Tag Archives: manga
There were–and remain–then, two forms of sexual expression that were both mandated and directly overseen by the Imperial (now “democratic”) state: motherhood and prostitution. With motherhood, the state controlled the means of reproduction, the means by which imperial subjects were created and inculcated with certain values. Prostitution was sanctioned by the state in order to appease the all male military and keep them in line. Stability in the military was important given the frequency with which splinter factions within it mounted insurrections meant to “restore the Emperor,” a polite euphemism for “our ruling on his behalf.”
As the result of a recent spike in traffic, despite me not having posted anything in quite some time, I noticed, through the wonders of analytics, that a MOOC which shall remain nameless had identified me as a critic of Frenchy Lunning or, more specifically, as a critic of her conception of “the shōjo,” which I have to cop to, since the evidence for it is as plain as day. This identification also caused me to wonder whether it had anything to do with Professor Lunning putting in an appearance in the comments a full three years after the post to which she was responding had been posted, though, I suppose, it could just have been a coincidence.
In the spirit of translative promiscuity, letting no one way of doing things become an ossified norm, I thought this week I might make use of a selection of translated single page manga from Rakuten’s oeuvre to illustrate an argument in that way that used to be my weekly habit not so long ago.
It is, perhaps, a bit unfair, even if useful and necessary sometimes, to pick apart someone else’s translation, to linger creepily over its supposed faults, and generally slap it about with the sloppy phallus of your smug superiority. I myself only started to eschew these bouts of accusatory dick-waving once I had spent a considerable […]
There is quite a bit to unpack in this week’s offerings, so I’ll leave my commentary for next week. For now, I hope you enjoy the [comic]!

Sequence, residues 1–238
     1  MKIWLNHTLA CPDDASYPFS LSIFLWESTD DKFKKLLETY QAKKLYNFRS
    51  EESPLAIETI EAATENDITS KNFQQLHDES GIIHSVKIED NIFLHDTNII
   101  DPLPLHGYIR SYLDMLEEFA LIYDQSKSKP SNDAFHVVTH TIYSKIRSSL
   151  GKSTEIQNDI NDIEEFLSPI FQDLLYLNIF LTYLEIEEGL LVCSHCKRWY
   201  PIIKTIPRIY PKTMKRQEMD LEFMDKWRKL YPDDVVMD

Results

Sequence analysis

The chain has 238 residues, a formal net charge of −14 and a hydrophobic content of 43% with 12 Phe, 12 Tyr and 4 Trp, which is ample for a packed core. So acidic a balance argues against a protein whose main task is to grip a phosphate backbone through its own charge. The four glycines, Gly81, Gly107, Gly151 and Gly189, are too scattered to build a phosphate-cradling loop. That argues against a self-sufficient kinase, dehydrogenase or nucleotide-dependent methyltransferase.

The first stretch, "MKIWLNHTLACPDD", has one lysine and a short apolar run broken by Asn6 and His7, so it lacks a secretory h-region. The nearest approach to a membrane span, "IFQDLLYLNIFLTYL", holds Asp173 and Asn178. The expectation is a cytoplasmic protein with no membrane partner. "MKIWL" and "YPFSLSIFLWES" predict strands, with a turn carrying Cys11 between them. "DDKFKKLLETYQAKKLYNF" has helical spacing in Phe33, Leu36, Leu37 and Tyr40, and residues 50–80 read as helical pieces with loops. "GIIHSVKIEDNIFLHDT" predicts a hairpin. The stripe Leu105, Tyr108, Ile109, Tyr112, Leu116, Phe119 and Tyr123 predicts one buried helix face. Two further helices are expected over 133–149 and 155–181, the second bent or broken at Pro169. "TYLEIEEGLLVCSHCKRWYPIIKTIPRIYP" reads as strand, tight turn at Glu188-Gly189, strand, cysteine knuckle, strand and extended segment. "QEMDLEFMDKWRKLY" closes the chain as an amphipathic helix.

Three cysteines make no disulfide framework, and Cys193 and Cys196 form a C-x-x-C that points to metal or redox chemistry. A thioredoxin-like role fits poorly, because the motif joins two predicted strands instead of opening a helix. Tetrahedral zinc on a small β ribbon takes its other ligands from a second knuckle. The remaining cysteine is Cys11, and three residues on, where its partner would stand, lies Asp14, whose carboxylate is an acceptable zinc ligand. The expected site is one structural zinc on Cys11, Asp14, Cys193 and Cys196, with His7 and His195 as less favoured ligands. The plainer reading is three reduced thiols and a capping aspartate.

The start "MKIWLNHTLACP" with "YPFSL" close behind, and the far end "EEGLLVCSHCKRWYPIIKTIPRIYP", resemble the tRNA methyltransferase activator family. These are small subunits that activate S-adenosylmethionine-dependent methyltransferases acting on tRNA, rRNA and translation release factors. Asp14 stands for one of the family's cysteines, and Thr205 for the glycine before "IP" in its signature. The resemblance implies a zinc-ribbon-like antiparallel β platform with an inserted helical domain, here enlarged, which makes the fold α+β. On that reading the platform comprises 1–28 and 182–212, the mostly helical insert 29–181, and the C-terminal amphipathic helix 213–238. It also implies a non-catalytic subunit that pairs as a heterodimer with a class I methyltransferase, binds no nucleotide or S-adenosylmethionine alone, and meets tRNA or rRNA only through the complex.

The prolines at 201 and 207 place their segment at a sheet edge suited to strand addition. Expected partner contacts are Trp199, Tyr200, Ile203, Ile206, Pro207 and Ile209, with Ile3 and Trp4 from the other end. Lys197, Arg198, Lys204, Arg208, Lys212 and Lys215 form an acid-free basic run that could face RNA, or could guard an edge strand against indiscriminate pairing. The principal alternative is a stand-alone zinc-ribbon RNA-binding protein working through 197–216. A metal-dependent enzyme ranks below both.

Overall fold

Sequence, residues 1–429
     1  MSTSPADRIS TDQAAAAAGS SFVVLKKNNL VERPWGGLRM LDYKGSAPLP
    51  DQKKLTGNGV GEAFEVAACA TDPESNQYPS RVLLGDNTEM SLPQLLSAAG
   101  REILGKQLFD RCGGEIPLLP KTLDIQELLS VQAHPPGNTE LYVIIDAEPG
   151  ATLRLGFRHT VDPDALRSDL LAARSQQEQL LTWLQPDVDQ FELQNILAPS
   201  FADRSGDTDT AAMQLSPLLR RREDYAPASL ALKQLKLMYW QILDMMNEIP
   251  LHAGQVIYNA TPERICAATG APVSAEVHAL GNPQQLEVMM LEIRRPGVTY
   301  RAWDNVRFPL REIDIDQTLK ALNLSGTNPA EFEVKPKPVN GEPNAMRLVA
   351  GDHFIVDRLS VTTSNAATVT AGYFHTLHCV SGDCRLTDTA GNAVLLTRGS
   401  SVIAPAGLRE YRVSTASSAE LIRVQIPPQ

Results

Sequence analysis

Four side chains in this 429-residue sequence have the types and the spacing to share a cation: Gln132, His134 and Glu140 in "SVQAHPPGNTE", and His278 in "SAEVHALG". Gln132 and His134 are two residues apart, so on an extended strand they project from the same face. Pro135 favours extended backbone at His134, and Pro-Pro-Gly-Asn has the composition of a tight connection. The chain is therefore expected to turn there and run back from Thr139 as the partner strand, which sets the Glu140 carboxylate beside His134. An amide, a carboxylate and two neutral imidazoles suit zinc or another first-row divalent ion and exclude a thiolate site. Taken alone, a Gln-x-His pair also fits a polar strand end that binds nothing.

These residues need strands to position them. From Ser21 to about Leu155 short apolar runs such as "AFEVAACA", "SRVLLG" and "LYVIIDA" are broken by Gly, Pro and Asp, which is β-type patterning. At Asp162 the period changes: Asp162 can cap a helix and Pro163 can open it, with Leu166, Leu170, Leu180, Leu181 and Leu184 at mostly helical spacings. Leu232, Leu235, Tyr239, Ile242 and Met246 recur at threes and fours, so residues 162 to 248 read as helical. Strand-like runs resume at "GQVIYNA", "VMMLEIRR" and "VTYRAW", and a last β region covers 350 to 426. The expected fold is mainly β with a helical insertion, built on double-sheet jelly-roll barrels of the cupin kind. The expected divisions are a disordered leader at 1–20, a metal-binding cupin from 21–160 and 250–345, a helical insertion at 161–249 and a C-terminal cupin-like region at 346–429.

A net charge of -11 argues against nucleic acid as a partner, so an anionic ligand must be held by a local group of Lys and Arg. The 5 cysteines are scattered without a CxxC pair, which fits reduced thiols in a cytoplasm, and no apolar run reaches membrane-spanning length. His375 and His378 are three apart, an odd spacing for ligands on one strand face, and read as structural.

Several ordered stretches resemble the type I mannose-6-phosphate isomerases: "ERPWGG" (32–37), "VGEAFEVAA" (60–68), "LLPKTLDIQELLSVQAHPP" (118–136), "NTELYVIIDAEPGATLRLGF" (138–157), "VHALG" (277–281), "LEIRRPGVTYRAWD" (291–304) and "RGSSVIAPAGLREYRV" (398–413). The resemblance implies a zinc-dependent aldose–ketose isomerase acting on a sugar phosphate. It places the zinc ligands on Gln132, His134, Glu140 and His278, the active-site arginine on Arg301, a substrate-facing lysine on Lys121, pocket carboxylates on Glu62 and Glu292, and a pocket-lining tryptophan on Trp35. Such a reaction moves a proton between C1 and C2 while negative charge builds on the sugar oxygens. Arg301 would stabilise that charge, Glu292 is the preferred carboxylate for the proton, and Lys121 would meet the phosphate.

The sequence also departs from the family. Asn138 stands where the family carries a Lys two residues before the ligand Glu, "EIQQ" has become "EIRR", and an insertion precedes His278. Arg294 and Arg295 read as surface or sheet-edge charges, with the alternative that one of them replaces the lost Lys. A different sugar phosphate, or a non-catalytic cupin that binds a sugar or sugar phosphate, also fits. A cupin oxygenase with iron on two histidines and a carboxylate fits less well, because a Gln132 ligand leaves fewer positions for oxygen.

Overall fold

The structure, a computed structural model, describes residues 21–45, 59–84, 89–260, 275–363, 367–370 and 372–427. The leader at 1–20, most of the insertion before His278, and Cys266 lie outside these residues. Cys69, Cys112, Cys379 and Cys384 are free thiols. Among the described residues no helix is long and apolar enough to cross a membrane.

When thinking about how to approach this translation, it occurred to me that I am somewhat blessed in having Rakuten’s own tri- and bi-lingual manga to work from, to see how he works multiple sets of text into his [comics] (often haphazardly), so as to free myself, as he does, from a slavish devotion to sense in order to work from the perspective of effect. The original of this text is, of course, entirely in Japanese, yet its translation by my own hand would not be out of place with any of Rakuten’s bilingual manga.
On their surface, Ippei’s film stories might be read as quaint domestic comedies, fodder for the much maligned and quite often stereotyped pedestrian predilections of bored housewives, and a superficial understanding of women’s magazines in prewar Japan would certainly buttress that reading. However, the historical print milieu in which Ippei’s manga quite often found itself was neither decidedly middle brow nor exclusively for women, even if the print matter where they appeared was a woman’s magazine. In fact, given what is readily apparent about the kinds of stories regularly published in newspapers and magazines, it is entirely possible that Ippei’s manga aspired to a certain high literary status.